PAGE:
"You get to go out and play against guys who are just as good as you," Neal said. "We just have to wait the lockout out and try to stay ready and stay in shape."
More than anything, though, the game needs to be internalized for what it was: a way for players to connect with fans in a post-lockout world. It allowed fans to witness world-class basketball, a luxury many could never afford to see otherwise.
"The most important thing is going to neighborhoods with kids and families that might not get a chance to see an NBA game," Wall said. "That's just giving back. That's the best thing about it."
The game didn't provide the pressure-packed theater of Dirk Nowitzki and the Mavs storming to the title. There were no playoff, All-Star or even statistical implications. Whether this prompts an increased streetball trend, while intriguing, is probably doubtful.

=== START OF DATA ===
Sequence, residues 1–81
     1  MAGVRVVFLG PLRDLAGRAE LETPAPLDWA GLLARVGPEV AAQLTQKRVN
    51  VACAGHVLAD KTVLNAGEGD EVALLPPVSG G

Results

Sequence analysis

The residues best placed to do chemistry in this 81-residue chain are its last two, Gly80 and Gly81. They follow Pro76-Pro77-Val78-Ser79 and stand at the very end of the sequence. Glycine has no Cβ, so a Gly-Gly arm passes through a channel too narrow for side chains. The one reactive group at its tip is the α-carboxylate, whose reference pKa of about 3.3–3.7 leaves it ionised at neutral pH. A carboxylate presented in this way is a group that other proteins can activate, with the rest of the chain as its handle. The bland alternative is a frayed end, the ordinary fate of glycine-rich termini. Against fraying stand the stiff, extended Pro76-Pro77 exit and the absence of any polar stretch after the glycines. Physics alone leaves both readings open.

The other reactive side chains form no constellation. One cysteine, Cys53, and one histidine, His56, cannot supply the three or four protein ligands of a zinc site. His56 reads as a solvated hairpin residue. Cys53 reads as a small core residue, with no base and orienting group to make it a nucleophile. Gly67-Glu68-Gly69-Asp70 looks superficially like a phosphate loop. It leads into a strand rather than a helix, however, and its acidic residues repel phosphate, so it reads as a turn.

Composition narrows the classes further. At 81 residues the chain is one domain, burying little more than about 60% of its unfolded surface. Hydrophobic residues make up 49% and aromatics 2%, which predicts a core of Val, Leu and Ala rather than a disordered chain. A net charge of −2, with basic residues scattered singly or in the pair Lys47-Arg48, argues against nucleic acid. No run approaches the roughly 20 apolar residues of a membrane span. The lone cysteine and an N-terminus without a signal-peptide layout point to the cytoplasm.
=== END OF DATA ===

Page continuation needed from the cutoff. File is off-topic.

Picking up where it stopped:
But that's not really the point. This was quality basketball being played for quality basketball's sake. The players paid their own travel expenses, and put on a show -- replete with last-minute theatrics -- that was unmistakably entertaining. Quite possibly, it might be the last time that's available for a long, long while.
No one covets that more than Durant. The humble star has been the lockout's ringleader, and the game wouldn't have happened without his influence ("A guy like Kevin Durant, he can get on the phone and call anybody," Neal said). He's taken steps to renew our faith in the game, to help us forget the tiresome business-related issues that have dominated recent headlines.
"The guys that came before me left the game in a good place, he said. "I want to leave it in a better place."
If nothing else, that's exactly what Saturday's showcase accomplished. It offered top-notch basketball. For once, that in itself was enough.
"I just want to show people how much I love the game," he said. "Hopefully it rubs off on them."